We’re currently introducing a new design and are making sure everything works.

Internet Explorer users

To ensure that you can access all the features of our new site, please install a newer browser, such as Chrome, Edge, Firefox or Opera.

Sheltered housing

Sheltered housing is designed and built with the needs of older people in mind. Sheltered housing is run and maintained by housing associations and is usually available to residents in the local area who feel that they require support to live independently.

Who can apply for sheltered housing?

Any person of pensionable age who feels the need for some support to live independently.

How do I apply?

Please contact the information and assessment team.

When is the support worker on duty?

Just like other members of staff, support workers are allowed time off for holidays. If they are unwell it is usually possible to arrange temporary cover.

Whenever the support worker is off duty, unavailable, or away from the scheme and not being covered by a deputy, the alarm system is switched to the community alarm scheme, otherwise known as the central control office, where an operator will talk to you if you call for assistance.

Does the support worker hold information about me?

Yes, the names, addressed and telephone numbers of your next-of-kin and close friends, your doctor and any relevant details of your health are kept by the support worker, and the central control office. This is a confidential record and its purpose is to enable contact to be made with the appropriate person in the event of illness or an accident, or any other problem.

What is the support worker’s role?

Support workers are practical and understanding people, sympathetic to the problems of ageing. They are carefully recruited and trained to encourage you to look after yourself and to lead an active independent life. When on duty the support worker’s primary task is to respond to an emergency as quickly and efficiently as possible, so that in the event of an illness or a fall, or some other crisis, you can quickly get help.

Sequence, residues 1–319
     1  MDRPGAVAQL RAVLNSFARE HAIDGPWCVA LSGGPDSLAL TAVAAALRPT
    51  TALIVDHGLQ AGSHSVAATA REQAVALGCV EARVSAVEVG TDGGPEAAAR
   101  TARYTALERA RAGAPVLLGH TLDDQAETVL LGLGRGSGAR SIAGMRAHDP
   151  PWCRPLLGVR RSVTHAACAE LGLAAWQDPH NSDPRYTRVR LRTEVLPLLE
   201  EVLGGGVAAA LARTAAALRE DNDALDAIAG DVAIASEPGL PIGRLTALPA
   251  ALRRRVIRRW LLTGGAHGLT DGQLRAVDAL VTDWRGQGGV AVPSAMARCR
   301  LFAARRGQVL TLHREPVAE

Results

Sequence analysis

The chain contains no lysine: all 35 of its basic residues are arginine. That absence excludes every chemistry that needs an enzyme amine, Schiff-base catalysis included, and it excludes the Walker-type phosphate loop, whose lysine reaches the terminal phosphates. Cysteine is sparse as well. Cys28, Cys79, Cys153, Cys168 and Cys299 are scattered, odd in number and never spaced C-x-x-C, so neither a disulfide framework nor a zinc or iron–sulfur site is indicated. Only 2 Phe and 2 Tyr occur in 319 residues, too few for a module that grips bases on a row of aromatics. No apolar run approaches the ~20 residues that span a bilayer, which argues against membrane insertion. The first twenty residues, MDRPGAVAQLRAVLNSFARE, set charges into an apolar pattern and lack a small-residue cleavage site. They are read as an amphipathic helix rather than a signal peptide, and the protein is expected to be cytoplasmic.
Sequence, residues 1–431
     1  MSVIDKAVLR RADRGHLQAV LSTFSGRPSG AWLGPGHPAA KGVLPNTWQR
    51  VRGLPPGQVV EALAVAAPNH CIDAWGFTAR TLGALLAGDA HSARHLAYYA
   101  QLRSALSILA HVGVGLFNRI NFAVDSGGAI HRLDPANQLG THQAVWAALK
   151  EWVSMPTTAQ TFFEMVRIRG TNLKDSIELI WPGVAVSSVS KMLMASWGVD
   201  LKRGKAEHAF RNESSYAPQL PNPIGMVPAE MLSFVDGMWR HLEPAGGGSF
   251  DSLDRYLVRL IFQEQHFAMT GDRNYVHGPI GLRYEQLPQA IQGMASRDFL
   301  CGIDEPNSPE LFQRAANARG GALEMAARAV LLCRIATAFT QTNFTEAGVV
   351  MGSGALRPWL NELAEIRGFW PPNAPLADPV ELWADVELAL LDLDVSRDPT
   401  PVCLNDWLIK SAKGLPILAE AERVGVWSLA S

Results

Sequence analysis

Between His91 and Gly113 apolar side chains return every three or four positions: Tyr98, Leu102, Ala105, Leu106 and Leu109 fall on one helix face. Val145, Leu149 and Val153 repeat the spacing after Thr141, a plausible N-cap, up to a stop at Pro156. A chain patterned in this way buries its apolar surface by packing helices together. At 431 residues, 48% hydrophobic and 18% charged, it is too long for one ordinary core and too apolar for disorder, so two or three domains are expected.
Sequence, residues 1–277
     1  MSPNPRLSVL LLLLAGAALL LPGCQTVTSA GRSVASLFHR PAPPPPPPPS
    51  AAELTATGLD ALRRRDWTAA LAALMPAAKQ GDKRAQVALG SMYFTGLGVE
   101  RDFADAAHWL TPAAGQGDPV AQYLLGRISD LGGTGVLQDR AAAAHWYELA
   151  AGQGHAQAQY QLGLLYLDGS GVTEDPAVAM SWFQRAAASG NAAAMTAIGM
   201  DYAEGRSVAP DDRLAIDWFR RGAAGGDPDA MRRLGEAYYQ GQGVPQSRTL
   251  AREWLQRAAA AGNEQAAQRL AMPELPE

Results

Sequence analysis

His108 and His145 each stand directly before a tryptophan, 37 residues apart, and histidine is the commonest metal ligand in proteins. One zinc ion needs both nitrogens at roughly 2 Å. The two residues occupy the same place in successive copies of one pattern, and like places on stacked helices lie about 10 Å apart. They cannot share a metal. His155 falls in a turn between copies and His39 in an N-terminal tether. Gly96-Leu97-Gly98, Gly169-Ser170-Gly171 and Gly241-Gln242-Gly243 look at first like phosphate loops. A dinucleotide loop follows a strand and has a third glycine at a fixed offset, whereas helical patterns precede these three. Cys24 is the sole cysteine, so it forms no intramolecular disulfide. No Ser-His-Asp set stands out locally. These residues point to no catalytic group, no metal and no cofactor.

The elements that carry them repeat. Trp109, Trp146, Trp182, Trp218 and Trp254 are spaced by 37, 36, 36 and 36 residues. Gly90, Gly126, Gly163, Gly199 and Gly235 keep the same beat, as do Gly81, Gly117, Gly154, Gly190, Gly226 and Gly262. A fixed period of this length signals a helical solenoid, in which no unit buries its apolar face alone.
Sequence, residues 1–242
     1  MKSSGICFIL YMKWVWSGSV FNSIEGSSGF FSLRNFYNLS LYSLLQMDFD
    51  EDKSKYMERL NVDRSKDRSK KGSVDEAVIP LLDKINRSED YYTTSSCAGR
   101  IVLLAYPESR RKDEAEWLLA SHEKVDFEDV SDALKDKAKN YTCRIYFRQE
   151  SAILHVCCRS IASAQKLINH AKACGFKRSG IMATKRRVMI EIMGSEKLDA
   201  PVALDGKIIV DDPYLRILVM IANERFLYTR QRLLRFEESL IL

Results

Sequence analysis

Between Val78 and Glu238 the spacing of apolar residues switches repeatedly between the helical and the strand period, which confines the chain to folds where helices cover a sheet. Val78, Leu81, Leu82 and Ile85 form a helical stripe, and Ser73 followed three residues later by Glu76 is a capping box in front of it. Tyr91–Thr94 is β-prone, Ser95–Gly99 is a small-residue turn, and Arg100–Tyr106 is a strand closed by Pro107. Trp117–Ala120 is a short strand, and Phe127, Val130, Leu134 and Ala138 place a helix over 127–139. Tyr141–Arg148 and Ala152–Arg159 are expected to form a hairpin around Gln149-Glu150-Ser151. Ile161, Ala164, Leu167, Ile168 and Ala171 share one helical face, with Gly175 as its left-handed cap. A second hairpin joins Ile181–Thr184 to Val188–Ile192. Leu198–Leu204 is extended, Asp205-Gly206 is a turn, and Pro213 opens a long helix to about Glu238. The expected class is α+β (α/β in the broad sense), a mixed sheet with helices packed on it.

In an emergency, it is the support worker’s job to take the first action. It may be something that can easily be put right there and then; if not the support worker may have to call your relatives, your doctor; or other professional help that may be needed.

If you need home care services, meals on wheels or special household aids, the warden will try to help you obtain them by contacting the local Social Care Services office for you. The duty support worker will normally call on you once a day to ensure you are all right.

Are there things a support worker does not do?

Support workers are not employed to perform duties for which statutory or voluntary bodies exist, or which are the responsibility of relatives living nearby.

Support workers are not nurses – if you need regular medical treatment your doctor can arrange for you to have visits from a community Nurse. Neither are support workers permitted to administer drugs and medicines. Support workers are not there to do domestic chores such as cleaning, cooking, providing meals and shopping. They may help for residents to do these things for themselves, or to make arrangements. There is a strict instruction that support workers cannot look after you money valuables and money.